The Minister's contribution mentioned something to do with unions. I was taken aback by that also. It referred to many of the workers in the sector not having trade union representation anyway. That was said as if it was just a dismissive aside. That does not matter. These people have feelings. They need to pay bills. That is what this is about and it goes back to the Bill. This initiative is about giving protection to the employees. I genuinely feel that the majority of employers take the common sense approach. I am well aware of it because we all know people who work in the hospitality sector. There is a fabulous idea in operation in the area. The tips are normally received by the people on the floor who serve the food or the drinks. A chain of events, however, leads from the cleaner to the chef upstairs on to the waiting staff, etc. All of the tips, therefore, are gathered in one pot and then divided out among all of the staff. It is a reward for being a team player. It would be a travesty if the Government does not change tack and come on board to support this Bill and workers in this country.

I have listened carefully to the debate. I commend Sinn Féin and Senator Gavan for bringing forward this legislation. It has been a very good, important and interesting debate. There is no doubt that we all want to assist low-paid workers. The Government has a strong record in that regard. There are, however, ways and means of achieving that aim and, unfortunately, this Bill is not one of them.

After the debate on Second Stage in the Seanad, the Minister requested the Low Pay Commission to examine current practices. That was to include whether legislation might impact negatively on tax and financial aspects on either employees or employers. Fianna Fáil subsequently made a submission and sometimes that party gets things right. The submission made reference to the fact that before any legislation was introduced on employee tips, a thorough analysis of the impact such a move might have on employees and employers would be required. It went on to state that it was essential to ensure more bureaucracy and legislation was not required in an area that does not warrant it.

The Minister made that request to the commission to carry out a study in this area and to report on it. The commission comprises nine members and they are independent. The commission came back with a good report, which was 66 pages long. I read all of it. Few colleagues referenced the report. They have only been rubbishing that report. I am not sure if any Member even read it. I recommend that my fellow Deputies take the report and read all 66 pages, including all of the submissions. They should read all the report and see what it recommends.

In the end, that report, from a totally independent body, recommended that legislation or regulation should not be introduced in this area as the administrative and compliance costs involved would not be justified.

The commission has also indicated that there could be unintended negative consequences, as Deputy Mattie McGrath said earlier, such as the reclassification of service charges leading to a potential reduction in the take-home pay of low-paid employees. That is what the independent commission said. Fianna Fáil also made a submission at the time, which stated that all workers should be paid a decent wage. We all believe that. The submission went on to state that a code of practice should be introduced. It did not say anything about supporting the legislation even though it had been published and debated in the Seanad by that time. Fianna Fáil believed that such a code should be considered as it would improve information to customers and workers and enable business to operate in a fair and transparent manner, which would benefit both workers and consumers. That was what Fianna Fáil stated in its submission.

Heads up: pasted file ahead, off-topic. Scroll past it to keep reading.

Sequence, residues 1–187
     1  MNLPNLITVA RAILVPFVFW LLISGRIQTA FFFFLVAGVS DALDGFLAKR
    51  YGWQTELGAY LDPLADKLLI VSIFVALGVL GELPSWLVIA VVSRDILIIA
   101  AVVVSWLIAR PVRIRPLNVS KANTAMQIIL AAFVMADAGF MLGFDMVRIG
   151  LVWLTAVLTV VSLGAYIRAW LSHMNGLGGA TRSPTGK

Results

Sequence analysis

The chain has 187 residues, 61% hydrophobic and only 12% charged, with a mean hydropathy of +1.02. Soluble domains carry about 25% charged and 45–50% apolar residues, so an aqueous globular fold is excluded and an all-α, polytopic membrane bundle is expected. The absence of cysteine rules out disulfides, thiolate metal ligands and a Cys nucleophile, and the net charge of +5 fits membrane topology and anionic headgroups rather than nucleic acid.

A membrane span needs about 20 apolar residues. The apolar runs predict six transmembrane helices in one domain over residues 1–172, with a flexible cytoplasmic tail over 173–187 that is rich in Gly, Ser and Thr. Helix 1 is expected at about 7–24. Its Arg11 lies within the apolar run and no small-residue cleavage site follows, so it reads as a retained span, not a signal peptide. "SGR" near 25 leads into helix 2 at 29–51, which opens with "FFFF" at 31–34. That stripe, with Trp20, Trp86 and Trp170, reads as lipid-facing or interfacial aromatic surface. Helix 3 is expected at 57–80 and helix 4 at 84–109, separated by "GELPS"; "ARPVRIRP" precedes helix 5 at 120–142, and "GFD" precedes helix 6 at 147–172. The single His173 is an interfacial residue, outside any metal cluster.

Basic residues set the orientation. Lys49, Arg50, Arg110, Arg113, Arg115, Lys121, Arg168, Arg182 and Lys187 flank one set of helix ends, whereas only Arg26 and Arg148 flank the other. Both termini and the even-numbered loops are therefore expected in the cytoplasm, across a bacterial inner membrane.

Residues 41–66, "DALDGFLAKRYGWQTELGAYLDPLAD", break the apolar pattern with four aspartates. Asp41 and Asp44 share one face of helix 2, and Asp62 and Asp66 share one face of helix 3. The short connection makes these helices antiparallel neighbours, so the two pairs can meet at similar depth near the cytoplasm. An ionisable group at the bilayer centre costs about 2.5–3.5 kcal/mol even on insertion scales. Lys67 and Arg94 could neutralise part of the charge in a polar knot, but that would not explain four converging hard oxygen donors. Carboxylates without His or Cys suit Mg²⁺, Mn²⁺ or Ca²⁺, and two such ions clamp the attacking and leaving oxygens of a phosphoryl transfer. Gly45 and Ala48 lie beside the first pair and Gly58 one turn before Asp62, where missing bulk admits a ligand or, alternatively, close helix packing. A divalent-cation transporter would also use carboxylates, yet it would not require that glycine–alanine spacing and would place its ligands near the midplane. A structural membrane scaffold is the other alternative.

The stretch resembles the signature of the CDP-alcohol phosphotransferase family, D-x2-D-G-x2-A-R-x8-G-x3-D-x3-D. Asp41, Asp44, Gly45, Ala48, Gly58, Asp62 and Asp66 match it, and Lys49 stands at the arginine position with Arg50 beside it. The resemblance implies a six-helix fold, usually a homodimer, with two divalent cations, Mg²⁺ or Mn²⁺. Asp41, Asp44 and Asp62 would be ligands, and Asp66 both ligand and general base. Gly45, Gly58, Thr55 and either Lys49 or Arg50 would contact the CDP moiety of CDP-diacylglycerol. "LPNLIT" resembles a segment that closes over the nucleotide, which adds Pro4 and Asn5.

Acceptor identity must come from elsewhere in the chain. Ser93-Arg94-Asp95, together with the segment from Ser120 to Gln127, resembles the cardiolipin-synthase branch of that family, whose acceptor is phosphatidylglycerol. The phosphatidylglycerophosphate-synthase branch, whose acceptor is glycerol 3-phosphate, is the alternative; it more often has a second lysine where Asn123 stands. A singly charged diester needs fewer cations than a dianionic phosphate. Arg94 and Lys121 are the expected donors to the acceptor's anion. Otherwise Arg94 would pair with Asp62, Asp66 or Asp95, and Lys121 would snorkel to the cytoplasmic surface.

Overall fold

The Minister of State is missing the point.

I have listened for an hour and half to everybody and have not said one word. The Green Party stated legislation which provides for enforcement in this specific issue would be helpful for a marginal number of cases. I note that many colleagues have said this is not widespread. I think I heard a colleague from Kerry saying it did not happen in that county at all. I do not know whether that is true but I think that is what I heard him say.

Neither does climate change.

The Green Party went on to argue that it is unlikely that the State could provide the level of inspection required for enforcement to be effective. The Minister, Deputy Regina Doherty, is proposing a better alternative. She wants to put forward a payment of wages (amendment) Bill. She wants to bring transparency in the form of prominently displayed notices in business premises. On that we are agreed.

I was struck when I read the commission's report that it would be hard for anybody to disagree with it. It is very clear, comprehensive and very independent. That is one thing we cannot disagree with. Our opposition to the Bill is not for political reasons. It is for reasons of good legislation and because we want to pass an Act that works in the interest of workers in the hospitality sector. Sinn Féin has brought forward a very interesting and important topic. The Government is going to act on that. We are not going to ignore the report of the Low Pay Commission. It states that legislation or regulation should not be introduced in this area as it could be unworkable and unenforceable. The Green Party agreed with that, and it was also echoed by the Workplace Relations Commission. It was indicated in the report that there is a risk around the reclassification of service charges and other matters that could lead to a reduction in take-home pay. We cannot stand over it if there is a risk there.